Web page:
At December’s American Society of Hematology virtual meeting, researchers presented the 7-year long-term outcome analysis of the first study of a non-chemotherapy frontline treatment regimen with lenalidomide (Revlimid) plus rituximab (Rituxan), also called R2 or R2 (R-squared), as induction and maintenance therapy for mantle cell lymphoma (MCL).
The study results were presented by Samuel Yamshon, MD, a second-year hematology and medical oncology fellow at Weill Cornell Medicine and NewYork-Presbyterian Hospital in New York City, and in this video he offers his thoughts on where this new regimen fits in the frontline treatment of MCL.
Following is a transcript of his remarks:
That really is the main question here. I think it’s very difficult to compare across different regimens, particularly with ones that really represent totally different treatment paradigms. I think you can’t really say, obviously whether one is quote unquote better or worse, or that one is more or less toxic, but rather that they have totally different toxicity profiles. Obviously, R-squared is less intensive upfront, but it also continues for a really long time.
From our perspective, there’s still a lot of room to improve in terms of the durability of the responses, as well as the tolerability and we’re even now — given how durable some of these responses are for the people who are still on therapy — starting to think about possibly de-escalating in the future.
I think the other thing that’s important to note is that when this study was published in 2015, it was the first chemo-free approach in frontline mantle cell lymphoma. But since then, there have been a lot of other studies that have gone the chemo-free route and a lot obviously where they’re using BTK [Bruton’s tyrosine kinase] inhibition.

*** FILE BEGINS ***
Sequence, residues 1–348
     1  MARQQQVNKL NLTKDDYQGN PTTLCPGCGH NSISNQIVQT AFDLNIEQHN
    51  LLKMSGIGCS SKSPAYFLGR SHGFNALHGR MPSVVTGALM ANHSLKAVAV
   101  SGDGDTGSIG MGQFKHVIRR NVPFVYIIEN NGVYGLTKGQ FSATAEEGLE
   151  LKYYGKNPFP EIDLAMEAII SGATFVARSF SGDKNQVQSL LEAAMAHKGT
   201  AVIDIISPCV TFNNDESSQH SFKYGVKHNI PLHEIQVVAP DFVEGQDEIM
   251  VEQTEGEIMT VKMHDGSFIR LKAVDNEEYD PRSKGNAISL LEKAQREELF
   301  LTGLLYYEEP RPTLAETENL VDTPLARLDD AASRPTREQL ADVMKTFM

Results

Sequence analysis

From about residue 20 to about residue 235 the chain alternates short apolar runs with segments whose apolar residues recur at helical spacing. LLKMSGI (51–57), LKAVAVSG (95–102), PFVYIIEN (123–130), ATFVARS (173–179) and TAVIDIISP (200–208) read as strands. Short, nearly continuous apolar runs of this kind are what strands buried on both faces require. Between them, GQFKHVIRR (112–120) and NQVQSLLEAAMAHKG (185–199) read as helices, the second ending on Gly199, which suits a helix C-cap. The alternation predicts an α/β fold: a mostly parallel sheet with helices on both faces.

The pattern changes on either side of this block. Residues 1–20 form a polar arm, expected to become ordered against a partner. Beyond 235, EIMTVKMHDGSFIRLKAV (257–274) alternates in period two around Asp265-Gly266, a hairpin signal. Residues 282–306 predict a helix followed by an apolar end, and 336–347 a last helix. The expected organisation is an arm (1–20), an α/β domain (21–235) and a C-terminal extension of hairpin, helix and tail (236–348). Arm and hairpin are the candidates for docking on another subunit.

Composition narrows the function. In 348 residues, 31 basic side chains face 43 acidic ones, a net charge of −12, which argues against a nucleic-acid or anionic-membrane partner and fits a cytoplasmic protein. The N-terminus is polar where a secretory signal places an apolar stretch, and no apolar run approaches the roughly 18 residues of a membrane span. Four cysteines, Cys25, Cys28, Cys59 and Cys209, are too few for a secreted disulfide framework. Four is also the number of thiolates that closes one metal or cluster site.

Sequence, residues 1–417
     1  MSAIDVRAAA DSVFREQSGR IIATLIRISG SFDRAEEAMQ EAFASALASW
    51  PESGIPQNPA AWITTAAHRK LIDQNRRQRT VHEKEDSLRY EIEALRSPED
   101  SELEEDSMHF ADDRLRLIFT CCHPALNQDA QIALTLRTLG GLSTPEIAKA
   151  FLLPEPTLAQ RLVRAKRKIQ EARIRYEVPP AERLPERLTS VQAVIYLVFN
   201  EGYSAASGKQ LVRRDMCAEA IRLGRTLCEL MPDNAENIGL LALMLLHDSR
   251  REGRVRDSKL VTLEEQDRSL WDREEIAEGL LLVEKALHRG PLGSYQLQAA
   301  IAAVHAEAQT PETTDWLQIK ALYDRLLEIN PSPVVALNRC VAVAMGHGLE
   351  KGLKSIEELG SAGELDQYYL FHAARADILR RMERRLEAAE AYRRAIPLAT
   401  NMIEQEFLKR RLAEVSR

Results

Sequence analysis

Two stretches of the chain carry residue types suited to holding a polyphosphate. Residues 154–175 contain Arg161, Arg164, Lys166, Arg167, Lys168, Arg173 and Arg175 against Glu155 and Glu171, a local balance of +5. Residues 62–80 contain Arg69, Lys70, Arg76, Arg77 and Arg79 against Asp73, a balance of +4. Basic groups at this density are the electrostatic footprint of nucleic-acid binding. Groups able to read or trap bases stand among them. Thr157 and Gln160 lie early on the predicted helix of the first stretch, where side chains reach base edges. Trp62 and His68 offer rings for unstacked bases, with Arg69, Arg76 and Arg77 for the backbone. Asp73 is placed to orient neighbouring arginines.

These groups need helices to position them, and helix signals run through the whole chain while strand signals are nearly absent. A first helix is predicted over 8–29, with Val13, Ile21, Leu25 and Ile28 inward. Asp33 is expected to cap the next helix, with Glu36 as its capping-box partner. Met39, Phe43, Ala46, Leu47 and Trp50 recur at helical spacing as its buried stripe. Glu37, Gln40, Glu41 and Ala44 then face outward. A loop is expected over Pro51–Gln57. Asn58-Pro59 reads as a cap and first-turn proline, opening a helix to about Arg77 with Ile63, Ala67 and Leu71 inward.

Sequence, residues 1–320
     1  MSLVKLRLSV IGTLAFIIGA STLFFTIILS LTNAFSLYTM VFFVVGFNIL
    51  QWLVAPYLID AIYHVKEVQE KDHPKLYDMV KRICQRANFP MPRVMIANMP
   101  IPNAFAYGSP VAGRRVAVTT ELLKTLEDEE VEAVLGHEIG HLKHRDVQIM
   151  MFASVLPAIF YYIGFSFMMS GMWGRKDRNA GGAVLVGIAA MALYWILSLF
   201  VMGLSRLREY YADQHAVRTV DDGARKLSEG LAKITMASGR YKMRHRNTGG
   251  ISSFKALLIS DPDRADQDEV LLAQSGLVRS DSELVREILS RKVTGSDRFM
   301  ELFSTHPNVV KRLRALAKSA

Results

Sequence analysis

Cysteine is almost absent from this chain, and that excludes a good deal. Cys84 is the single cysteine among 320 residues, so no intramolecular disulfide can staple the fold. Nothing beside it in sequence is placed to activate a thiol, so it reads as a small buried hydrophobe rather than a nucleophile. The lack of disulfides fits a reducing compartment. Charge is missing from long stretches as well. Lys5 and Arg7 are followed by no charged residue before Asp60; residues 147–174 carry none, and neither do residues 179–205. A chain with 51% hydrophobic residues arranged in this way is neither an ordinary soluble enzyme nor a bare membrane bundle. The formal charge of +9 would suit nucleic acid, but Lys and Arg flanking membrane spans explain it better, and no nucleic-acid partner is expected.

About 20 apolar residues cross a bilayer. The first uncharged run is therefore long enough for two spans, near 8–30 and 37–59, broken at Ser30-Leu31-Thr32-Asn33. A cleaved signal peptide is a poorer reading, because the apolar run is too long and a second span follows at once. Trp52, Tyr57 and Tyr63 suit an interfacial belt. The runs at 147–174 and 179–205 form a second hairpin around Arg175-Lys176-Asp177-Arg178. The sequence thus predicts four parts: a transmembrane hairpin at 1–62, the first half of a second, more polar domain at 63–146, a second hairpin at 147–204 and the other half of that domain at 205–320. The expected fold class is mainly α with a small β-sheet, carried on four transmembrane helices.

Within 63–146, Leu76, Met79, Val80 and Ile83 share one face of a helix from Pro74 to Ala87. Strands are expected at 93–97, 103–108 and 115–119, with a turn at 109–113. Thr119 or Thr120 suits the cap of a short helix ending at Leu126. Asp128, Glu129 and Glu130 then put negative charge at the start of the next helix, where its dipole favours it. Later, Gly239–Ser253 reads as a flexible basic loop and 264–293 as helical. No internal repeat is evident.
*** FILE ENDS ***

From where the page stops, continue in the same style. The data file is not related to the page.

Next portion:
And one thing that we’re looking at at Cornell is the addition of acalabrutinib [Calquence] to this backbone. So, ALR — acalabrutinib, lenalidomide, and rituximab.
But I think the key is that we’re likely going to see an explosion of new therapies in the next few years, and it’s going to be hard to compare them directly without head-to-head studies.
But I think the important point to emphasize is that as more regimens come onto the scene, it gives clinicians options. And for patients that have individual comorbidities, but also wants and needs and goals for their therapy, I think it’s really exciting that we’re going to have options that allow people who are very averse to chemotherapy, that this could be an option for those patients.